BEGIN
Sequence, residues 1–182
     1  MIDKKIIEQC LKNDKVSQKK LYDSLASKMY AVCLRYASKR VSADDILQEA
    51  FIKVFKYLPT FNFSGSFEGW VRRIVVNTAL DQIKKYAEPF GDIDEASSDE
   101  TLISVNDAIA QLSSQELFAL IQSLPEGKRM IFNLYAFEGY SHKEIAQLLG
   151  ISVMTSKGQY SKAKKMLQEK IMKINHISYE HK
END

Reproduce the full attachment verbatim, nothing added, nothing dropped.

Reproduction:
Sequence, residues 1–182
     1  MIDKKIIEQC LKNDKVSQKK LYDSLASKMY AVCLRYASKR VSADDILQEA
    51  FIKVFKYLPT FNFSGSFEGW VRRIVVNTAL DQIKKYAEPF GDIDEASSDE
   101  TLISVNDAIA QLSSQELFAL IQSLPEGKRM IFNLYAFEGY SHKEIAQLLG
   151  ISVMTSKGQY SKAKKMLQEK IMKINHISYE HK